How To Make Better Decisions? Learn To Triage

There’s a core concept to strategic thinking that’s not always fully appreciated: the best strategies aren’t just about what your business does, they’re about what your business does Not do.

Praised as Apple has been, I’ve seen few of its admirers point out something essential in the company’s strategy: Yes, Apple makes beautiful, design-driven products that are must-haves for a large segment of our population, but Apple is intended for most Not in the business of repairing these products after the warranty period has expired. I learned this reality years ago when my beloved iPod Shuffle clip form stopped working; Apple could fix it for me, the Genius told me, but then suggested I just buy a new one a lot of less than the repair costs. Many companies (e.g. car dealerships) see maintenance and repairs as a large part of their profit stream, but Apple has apparently decided to outsource repairs (see the proliferation of “iFix It” stores) so that they can focus on their actual tasks can focus competitive advantage.

As executives, our jobs don’t typically require us to make fundamental decisions like Apple’s on a regular basis, but we do have to make important strategic decisions on a weekly or even daily basis: which projects get funding and which don’t; how to direct resources; where we can focus our employees’ (and ourselves) time and effort; how to communicate important decisions to key stakeholders.

One way to make these decisions better is to learn it triage. As Alan Jacobs explains in his excellent book to break bread with the dead: A Reader’s Guide to a Quieter Mind:

“Triage –… a French word meaning to separate and sort – is what nurses and medics do on the battlefield: during and after a battle, when wounded soldiers pour in, a medical unit’s limited resources are severely tested. The medical staff must learn to judge immediately: this person must be treated now, one person can wait a little longer, a third person has to wait longer, preferably somewhere else than in the first-aid tent. To the wounded soldier, this system will often appear imperative and harsh, unmerciful and perhaps even cruel; but it is imperative that the nurses and doctors be ruthlessly bold. They cannot afford to see a soldier die while comforting one whose injuries are not life threatening.”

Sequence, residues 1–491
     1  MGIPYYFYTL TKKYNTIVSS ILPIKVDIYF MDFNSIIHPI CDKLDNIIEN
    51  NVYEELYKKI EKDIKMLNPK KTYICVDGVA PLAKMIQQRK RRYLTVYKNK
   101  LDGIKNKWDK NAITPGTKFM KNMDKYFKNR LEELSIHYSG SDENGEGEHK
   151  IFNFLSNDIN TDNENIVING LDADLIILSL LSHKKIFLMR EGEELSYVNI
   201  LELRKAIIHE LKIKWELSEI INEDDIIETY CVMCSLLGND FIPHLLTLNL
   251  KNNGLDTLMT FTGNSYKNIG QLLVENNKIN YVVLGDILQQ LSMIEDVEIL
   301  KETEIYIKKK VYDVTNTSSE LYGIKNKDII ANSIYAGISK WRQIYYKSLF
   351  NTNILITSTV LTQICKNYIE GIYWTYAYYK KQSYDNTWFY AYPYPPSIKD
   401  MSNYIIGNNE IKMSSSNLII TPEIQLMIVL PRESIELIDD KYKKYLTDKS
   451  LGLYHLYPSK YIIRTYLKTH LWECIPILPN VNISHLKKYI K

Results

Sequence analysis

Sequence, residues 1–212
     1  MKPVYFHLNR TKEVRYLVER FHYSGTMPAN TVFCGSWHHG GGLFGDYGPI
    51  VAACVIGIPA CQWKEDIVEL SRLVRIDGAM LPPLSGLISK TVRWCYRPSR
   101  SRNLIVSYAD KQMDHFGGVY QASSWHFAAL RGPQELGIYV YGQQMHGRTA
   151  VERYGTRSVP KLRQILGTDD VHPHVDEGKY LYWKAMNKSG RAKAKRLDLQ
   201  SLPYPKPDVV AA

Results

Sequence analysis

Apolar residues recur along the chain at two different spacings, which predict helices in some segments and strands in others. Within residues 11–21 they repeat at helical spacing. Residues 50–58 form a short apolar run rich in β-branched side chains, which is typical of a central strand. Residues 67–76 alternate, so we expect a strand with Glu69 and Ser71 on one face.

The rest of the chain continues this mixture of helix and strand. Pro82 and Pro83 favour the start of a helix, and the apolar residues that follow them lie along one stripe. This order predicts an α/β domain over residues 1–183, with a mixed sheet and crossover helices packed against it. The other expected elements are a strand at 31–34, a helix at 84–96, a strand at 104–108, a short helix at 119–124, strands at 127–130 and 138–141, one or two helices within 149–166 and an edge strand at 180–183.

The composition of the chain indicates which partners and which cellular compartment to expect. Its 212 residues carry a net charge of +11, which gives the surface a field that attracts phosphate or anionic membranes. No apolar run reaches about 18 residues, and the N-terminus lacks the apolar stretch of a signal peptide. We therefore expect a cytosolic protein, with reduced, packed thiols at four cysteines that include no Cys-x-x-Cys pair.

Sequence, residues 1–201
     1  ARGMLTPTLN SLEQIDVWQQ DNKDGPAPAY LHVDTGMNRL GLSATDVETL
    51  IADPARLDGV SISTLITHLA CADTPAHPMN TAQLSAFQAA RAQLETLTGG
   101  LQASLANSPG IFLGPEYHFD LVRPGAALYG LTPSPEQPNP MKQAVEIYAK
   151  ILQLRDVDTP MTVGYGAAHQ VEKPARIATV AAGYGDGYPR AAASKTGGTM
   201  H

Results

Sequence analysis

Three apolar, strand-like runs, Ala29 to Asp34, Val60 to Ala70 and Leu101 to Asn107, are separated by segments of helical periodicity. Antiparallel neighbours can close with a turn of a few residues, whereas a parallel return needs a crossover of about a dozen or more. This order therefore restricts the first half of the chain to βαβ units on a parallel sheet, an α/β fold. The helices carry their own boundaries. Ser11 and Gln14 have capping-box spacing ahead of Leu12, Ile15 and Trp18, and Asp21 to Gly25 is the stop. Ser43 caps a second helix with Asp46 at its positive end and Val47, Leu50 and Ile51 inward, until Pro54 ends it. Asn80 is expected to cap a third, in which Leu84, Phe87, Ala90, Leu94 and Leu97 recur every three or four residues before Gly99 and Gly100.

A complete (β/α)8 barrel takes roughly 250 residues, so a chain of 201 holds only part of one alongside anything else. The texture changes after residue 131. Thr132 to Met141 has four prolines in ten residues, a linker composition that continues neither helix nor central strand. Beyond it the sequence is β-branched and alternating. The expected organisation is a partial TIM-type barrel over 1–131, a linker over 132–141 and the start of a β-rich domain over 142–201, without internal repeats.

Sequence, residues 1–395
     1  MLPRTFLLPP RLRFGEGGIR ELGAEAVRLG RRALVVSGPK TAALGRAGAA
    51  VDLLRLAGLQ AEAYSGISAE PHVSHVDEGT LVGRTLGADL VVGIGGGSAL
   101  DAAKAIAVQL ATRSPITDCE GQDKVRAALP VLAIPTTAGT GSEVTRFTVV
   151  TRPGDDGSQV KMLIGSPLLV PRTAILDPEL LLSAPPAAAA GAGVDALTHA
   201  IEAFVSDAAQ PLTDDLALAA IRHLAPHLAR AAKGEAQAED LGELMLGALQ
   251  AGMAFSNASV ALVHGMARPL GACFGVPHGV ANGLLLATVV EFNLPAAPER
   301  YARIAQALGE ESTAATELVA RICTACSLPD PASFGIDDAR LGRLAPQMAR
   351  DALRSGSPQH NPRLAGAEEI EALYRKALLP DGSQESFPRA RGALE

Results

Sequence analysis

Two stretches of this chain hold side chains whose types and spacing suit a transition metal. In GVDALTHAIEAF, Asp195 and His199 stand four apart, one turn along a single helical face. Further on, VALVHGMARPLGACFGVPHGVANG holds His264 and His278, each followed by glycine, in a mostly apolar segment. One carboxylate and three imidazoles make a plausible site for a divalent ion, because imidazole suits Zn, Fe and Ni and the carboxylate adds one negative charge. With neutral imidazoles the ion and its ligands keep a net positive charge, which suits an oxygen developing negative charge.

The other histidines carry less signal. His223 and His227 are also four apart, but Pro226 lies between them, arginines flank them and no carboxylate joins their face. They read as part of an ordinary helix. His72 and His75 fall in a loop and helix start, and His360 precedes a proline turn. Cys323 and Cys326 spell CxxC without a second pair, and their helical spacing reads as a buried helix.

Business leaders may not always have lives at stake, but effective leadership means learning how to make difficult decisions and compromises quickly and correctly.

Years ago, I was working with a client’s executive team when Meghan Lapides (who is now SmartAsset’s Chief People Officer and is still a good friend and trusted advisor) taught me a great tool to make better decisions:

nowNextlaterNever

The framework is powerful but easy to use. Before you make an important and particularly resource-intensive decision, ask yourself:

– Does this thing have to be done now?

– Should this be done soon, but maybe after something more important is done?

– Can we move this thing around for a while? (Ideally to create a better situation for success, or because we can’t take care of it right now due to other priorities.)

– Is this something that even if it’s a pet project or has been a good idea in the past, we should agree to let it go and not do it at all?

(Note: There’s another dimension here worth considering, which my friend and co-author John Hillen, a veteran CEO and board director, recently reminded me of. That’s order can sometimes affect prioritization – or vice versa – when it comes to dependencies. That is, your prioritization can sometimes rearrange the now-next-never-later calculus John told me a story about leading a strategic prioritization exercise for a company, which executives just in time recognized priority #8 had to be done to activate priority #2. So remember that “priority” can refer to timing as well as importance.)

I experienced a strong triaging example a few years ago when the founders of a successful and well-known FinTech company asked me for help. Their goal was to improve leadership and execution in a fast-growing and well-funded start-up (not an uncommon challenge – it’s all about scaling), and the problem they encountered caused them great pain.

The problem was that the leadership team had set five key strategic goals earlier in the year, and well into the fourth quarter it was clear that they were unlikely to achieve any of them. After some analysis of the problem and discussions with the senior team, the root cause of the problem became clear: It wasn’t what they were trying to do too much ofbut that they tried too much at once. They launched all five initiatives in January and quickly ran out of bandwidth as new and unexpected challenges demanded senior management’s attention. If they had triaged, their results would have been far better: for example, launching two initiatives in Q1; ramping up the third imitation in the second quarter and maybe the fourth initiative after Labor Day; and maybe even the fifth (a good idea, but not one that’s likely to boost near-term revenue or curb churn) until January. “Now, next and later (or maybe never?)”

Successful people and successful organizations share a common tragic flaw: they try to do too much, and often too much at once. Like battlefield medics, if we learn to triage and even say “no” to some things, painful as it may be, our success will be accelerated and our results improved.

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